Spottedbearv.Sheahan

UNITED STATES DISTRICT COURT DISTRICT OF NEVADAFeb 22, 2019
3:18-cv-00374-MMD-CBC (D. Nev. Feb. 22, 2019)

3:18-cv-00374-MMD-CBC

02-22-2019

JARED SPOTTEDBEAR and JOANN SPOTTEDBEAR, Plaintiff, v. SEAN SHEAHAN, et al., Defendants.


REPORT AND RECOMMENDATION OF U.S. MAGISTRATE JUDGE

Before the court is Plaintiffs' Jared and Joann Spottedbear's (collectively referred to as "Plaintiffs") application to proceed in forma pauperis (ECF No. 1) and their pro se complaint. (ECF No. 1-1). Having thoroughly reviewed the record, the Court recommends that the application to proceed in forma pauperis be granted. Furthermore, the Court recommends that the Complaint be dismissed with prejudice and without leave to amend as to the following Defendants: the Reno Justice Court, the Second Judicial District Court, Washoe County Sheriff's Office, Facebook, and Tinder. Finally, the Court recommends that the Complaint be dismissed without prejudice and with leave to amend as to Defendants Washoe County Sheriff's Office, Sean Sheahan and Monique Settwongse for the reasons stated below. I. IN FORMA PAUPERIS APPLICATION

This Report and Recommendation is made to the Honorable Miranda M. Du, United States District Judge. This action was referred to the undersigned Magistrate Judge pursuant to 28 U.S.C. § 636(b)(1)(B) and LR IB 1-4.

Based on the financial information provided with Plaintiffs' application to proceed in forma pauperis, the Court finds that Plaintiffs are unable to pay the filing fee in this matter. (ECF No. 1). Accordingly, the Court grants Plaintiffs' application to proceed in forma pauperis.

II. LEGAL STANDARD

Upon granting a request to proceed in forma pauperis, a court must additionally screen a complaint pursuant to 28 U.S.C. §1915. Specifically, federal courts are given the authority to dismiss a case if the action "(i) is frivolous or malicious; (ii) fails to state a claim upon which relief may be granted; or (iii) seeks monetary relief against a defendant who is immune from such relief." 28 U.S.C. § 1915(e)(2)(B)(i)-(iii). Dismissal of a complaint for failure to state a claim upon which relief may be granted is provided for in Federal Rule of Civil Procedure 12(b)(6), and this Court applies the same standard under Section 1915(e)(2) when reviewing the adequacy of a complaint or amended complaint See Hamilton v. Brown, 630 F.3d 889, 892-93 (9th Cir. 2011). When the Court reviews a complaint under this standard, it accepts as true all the plaintiff's allegations and construes the complaint in the light most favorable to the plaintiff. Chubb Custom Ins. Co. v. Space Systems/Loral Inc., 710 F.3d 946, 956 (9th Cir. 2013). The Court takes particular care when reviewing the pleadings of a pro se party. In this instance, a more forgiving standard applies to litigants not represented by counsel. Hebbe v. Pliler, 627 F.3d 338, 341-42 (9th Cir. 2010). This Court is to "construe pro se filings liberally . . . and to 'afford the petitioner the benefit of any doubt.'" Id.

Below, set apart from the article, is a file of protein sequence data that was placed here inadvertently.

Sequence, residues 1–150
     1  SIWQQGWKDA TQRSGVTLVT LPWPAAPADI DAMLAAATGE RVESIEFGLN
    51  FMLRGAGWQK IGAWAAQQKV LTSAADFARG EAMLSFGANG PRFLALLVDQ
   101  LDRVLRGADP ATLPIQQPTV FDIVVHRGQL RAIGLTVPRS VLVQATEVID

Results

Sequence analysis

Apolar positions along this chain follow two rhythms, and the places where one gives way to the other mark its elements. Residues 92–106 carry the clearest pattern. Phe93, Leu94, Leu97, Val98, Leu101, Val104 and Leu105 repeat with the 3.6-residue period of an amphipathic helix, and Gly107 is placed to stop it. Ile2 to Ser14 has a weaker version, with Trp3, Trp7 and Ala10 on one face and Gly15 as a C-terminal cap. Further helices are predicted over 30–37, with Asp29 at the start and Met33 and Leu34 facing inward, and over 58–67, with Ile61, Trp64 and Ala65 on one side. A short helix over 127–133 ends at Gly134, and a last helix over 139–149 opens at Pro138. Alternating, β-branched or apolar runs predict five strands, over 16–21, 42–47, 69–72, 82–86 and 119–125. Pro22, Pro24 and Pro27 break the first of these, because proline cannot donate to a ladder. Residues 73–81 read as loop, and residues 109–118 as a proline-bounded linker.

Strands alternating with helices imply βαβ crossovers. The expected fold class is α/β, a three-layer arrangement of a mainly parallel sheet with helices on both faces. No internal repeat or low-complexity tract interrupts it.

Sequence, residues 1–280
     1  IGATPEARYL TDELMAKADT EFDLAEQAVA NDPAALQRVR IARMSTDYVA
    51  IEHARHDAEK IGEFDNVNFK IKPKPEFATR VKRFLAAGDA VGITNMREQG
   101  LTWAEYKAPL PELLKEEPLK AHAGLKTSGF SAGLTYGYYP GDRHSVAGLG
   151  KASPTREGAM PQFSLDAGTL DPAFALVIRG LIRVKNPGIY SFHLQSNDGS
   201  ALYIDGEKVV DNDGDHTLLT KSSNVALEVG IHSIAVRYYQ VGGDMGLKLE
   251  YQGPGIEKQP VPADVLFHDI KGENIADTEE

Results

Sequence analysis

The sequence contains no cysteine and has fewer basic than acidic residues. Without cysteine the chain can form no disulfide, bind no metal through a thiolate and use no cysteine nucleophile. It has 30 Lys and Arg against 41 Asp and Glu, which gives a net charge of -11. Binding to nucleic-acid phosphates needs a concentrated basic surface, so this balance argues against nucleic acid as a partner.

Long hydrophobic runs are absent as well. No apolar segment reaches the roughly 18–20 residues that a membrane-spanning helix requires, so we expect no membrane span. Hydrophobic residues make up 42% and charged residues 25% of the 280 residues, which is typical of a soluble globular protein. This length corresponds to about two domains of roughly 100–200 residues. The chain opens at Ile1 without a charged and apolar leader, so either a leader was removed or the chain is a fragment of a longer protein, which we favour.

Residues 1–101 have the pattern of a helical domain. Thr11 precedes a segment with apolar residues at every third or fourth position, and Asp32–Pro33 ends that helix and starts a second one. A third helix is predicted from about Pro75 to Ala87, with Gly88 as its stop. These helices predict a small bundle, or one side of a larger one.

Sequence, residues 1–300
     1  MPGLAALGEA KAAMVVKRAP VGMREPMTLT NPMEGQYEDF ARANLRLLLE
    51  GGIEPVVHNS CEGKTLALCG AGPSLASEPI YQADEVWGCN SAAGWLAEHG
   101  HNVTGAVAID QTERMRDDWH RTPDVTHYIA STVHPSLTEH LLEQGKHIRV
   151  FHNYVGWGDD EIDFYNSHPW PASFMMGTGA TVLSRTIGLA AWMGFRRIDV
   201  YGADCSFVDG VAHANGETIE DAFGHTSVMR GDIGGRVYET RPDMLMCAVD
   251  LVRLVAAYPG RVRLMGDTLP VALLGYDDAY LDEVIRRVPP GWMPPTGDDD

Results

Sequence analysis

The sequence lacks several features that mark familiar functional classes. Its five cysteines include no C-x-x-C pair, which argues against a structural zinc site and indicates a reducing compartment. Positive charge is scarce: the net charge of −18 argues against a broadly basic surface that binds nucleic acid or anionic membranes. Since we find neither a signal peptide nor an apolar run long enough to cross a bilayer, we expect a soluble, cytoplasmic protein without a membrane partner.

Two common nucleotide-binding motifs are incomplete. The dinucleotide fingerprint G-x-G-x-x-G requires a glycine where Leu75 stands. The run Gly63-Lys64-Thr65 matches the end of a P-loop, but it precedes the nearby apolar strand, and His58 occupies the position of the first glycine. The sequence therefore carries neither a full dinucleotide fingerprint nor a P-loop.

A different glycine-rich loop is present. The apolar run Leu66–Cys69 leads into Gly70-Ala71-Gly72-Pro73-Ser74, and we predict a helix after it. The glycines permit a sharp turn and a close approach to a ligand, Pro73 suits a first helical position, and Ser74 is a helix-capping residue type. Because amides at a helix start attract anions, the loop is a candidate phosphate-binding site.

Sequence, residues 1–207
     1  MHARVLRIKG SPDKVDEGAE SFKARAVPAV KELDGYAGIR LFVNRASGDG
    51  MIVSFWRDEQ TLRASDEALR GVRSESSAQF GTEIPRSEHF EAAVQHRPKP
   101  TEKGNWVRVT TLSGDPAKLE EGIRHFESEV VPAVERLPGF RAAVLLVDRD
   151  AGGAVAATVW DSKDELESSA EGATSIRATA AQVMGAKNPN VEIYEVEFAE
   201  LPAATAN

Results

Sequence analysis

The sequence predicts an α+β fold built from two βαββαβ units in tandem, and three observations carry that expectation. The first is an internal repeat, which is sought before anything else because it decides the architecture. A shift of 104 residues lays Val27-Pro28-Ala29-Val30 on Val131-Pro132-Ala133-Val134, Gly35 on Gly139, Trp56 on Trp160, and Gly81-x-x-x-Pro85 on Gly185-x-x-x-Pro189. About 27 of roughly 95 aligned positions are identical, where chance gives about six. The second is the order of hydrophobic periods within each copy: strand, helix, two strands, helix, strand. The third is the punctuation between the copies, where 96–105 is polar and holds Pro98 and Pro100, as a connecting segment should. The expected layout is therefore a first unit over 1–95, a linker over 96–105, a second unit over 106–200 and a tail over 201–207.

Although the standard is broad, it is not limitless. Despite the leniency afforded to pro se plaintiffs, the Court need not accept as true conclusory allegations, unwarranted deductions, or unreasonable inferences. Cholla Ready Mix, Inc. v. Civish, 382 F.3d 969, 973 (9th Cir. 2004). Further, the complaint must contain more than a "formulaic recitation of the elements of a cause of action;" it must contain factual allegations sufficient to "raise a right to relief above the speculative level." Bell Atlantic Corp. v. Twombly, 550 U.S. 544, 555, 127 S.Ct. 1955, 167 L.Ed.2d 929 (2007). Stated differently, the complaint must allege sufficient facts to state a claim "that is plausible on its face." Ashcroft v. Iqbal, 556 U.S. 662, 678, 129 S.Ct. 1937, 173 L.Ed.2d 868 (2009) (citing Twombly, 550 U.S. at 555). ///

III. DISCUSSION

The Court takes the facts from Plaintiffs' complaint as true and has discerned the substance of the complaint as best possible. Plaintiffs' complaint appears to name the following defendants: Sean Sheahan, Monique Settwongse, the Reno Justice Court, Tinder Adult Site, Facebook Website, Washoe County Sheriff's Office, and the Second Judicial District Court (collectively referred to as "Defendants"). Plaintiffs allege that officers illegally took DNA from Jared Spottedbear and held him for seventy-two (72) hours on three separate occasions with no evidence. (ECF No. 1-1 at 1-4.) Additionally, according to Plaintiffs, Officer Sheahan abused the Patriot Act as it relates to domestic terrorists. (Id. at 5.) Finally, Joann Spottedbear alleged she was denied access to her son, Jared Spottedbear's, discovery in violation of the treaty of 1851. (Id. at 6.)

The Court construes this defendant as referring to Tinder, Inc. the owners and creators of Tinder, an online dating platform.

The complaint, however, is devoid of facts that specifically link or identify what actions were taken by each named defendant that specifically relate to any identified constitutional right that was violated.

A. Legal Standard for Section 1983 Claims

42 U.S.C. § 1983 creates a path for the private enforcement of substantive rights created by the Constitution and Federal Statutes. Graham v. Connor, 490 U.S. 386, 393-94, 109 S.Ct. 1865, 104 L.Ed.2d 443 (1989). In order to state a claim under § 1983, a plaintiff must show: (1) that he suffered a violation of rights protected by the Constitution or created by federal statute; and, (2) that the violation was proximately caused by a person acting under color of state or federal law. See West v. Atkins, 487 U.S. 42, 48-49, 108 S.Ct. 2250, 101 L.Ed.2d 40 (1988); Crumpton v. Gates, 947 F.2d 1418, 1420 (9th Cir. 1991).